Displaying 1 - 20 of 163.
I do not tend to speak of Egyptians in terms of ‘Muslim’ and ‘Christian’. In fact, my question should be “Why should Egyptians support al-Sīsī?” This is what the President and the Coptic Orthodox Pope always confirm: They are all Egyptians.”
Egyptian media presenter, Muḥammad al-Bāz said that the Tunisian president, Muḥammad al-Bājī Qāyid al-Sibsī, is working towards the promulgation of a law advocating for the equality between men and women in inheritance matters. This law would draw on the Tunisian Constitution, which equates women...
[This is a full transcript of an interview made on December 2, 2011] The results of the first round of the Egyptian elections show that Islamist parties appear to have won by a landslide. The Muslim Brotherhood created the Freedom and Justice Party (FJP) that has apparently received 40-45 percent...
A Christian born woman is accused of distorting official documents. Both Shādyā al-Sīsī and her mother did not know about her father’s accidental conversion. Shādyā is accused of changing her religion on official papers.
A number of intern activities have taken place in the last week; a group from the office visited Beni Walmis in Minia and some interns also attended a screening of Philip Rizk’s film about Palestine.
Muhammad al-Bāz presents summarized memoirs of some Coptic figures who engaged in struggles for the welfare of their country.
Muhammad al-Bāz reviews the minutes of an official meeting with leading Azhar scholars in which they decided to continue printing a book that is part of the Islamic heritage, despite knowing it to contain fabricated hadīths ascribed to the the Prophet Muhammad.
In the article, the author rejects the idea that a Muslim woman is allowed to marry a Kitābī [a Jewish or Christian] man.
The article reports on Egyptians’ outrage – at both the diplomatic and public levels – at the bad treatment Pope Shenouda received at London’s Heathrow Airport. The pope was forced to pass through a metal detector, even though it violates protocols.
Labīb criticizes an al-Fajr article that casted doubt on the authenticity of the apparition of the Holy Virgin Mary in 1968. He highlighted the perils of such discussions and called on the Supreme Council of Journalism to be attentive and deal carefully with such transgressions.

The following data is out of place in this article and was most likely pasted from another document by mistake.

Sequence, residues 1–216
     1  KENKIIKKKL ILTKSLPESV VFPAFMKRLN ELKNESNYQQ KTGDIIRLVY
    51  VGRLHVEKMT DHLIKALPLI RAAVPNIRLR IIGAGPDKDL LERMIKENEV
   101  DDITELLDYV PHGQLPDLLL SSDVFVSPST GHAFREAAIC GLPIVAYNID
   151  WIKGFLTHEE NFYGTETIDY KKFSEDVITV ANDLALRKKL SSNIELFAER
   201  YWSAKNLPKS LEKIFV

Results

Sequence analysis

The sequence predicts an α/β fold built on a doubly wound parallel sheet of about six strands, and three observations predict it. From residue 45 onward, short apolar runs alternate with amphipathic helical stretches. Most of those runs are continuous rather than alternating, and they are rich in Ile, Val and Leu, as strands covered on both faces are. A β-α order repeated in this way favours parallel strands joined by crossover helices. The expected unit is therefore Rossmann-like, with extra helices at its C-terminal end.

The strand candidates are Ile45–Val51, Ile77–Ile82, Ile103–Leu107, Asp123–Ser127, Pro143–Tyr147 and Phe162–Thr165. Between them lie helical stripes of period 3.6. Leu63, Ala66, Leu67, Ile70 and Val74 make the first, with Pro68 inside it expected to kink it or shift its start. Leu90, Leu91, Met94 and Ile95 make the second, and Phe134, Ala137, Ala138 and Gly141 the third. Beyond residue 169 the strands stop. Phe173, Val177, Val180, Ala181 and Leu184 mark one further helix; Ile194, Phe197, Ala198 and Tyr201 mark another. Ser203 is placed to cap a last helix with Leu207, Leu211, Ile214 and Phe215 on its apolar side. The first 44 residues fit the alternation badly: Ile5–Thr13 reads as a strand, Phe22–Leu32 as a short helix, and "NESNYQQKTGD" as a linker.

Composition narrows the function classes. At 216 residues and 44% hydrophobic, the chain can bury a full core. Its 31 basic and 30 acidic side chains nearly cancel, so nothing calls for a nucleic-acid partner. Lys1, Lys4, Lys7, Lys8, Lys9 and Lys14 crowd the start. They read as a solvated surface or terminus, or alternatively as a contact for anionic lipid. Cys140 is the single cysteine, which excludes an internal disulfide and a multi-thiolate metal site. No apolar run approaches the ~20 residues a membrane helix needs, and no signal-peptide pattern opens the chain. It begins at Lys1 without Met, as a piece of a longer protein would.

“Miracles happen when people decide they do.” Al-Bāz argues that the famous miraculous apparition of the Holy Virgin in 1968 was the product of the historical and social situation and served the church, the people as well as the political leadership.
Dr. Zaynab Radwān, the deputy speaker of the Egyptian People’s Assembly created heated debates in Egypt when she stated that a woman’s testimony in court is equal to that of man and that the non-Muslim wife of a Muslim husband should enjoy the same rights to inherit from her husband. The...
The Egyptian press continues to devote attention to the different reactions to the Supreme Administrative Court ruling allowing Christian divorcees to remarry. The church rejected the ruling and considered it against the Bible and church codes. Some authors highlighted the tragic influence of the...
Muhammad al-Bāz criticizes well-known satellite Islamic preachers for concerning themselves with satisfying their sexual desires through their frequent marriages, despite calling on people to adopt an ascetic standard of living.
A report in the March edition of the Arabic-speaking magazine Forbes Arabia presented a list of the richest five Muslim preachers in the Arab world. The report surveyed the income of the preachers during 2007.
The article reports on the reprint of an offensive caricature of the Prophet Muhammad by many Danish and European newspapers that was made just one day after a plot to murder of its cartoonist was foiled.
The sexual life of the Prophet Muhammad is a subject of heated debate. A woman "dared" to write about the exaggerations in al-Bukhārī’s hadīths and was accused of offending Islam. Salafīs call for her death.
The Citizens in One Homeland group discuss their hopes, goals and raison d’etre.
Al-Bāz discusses the increasing number of Christian converts to Islam in Egypt. He presents the church’s opinion and provides numbers, although their authenticity has been called into question.

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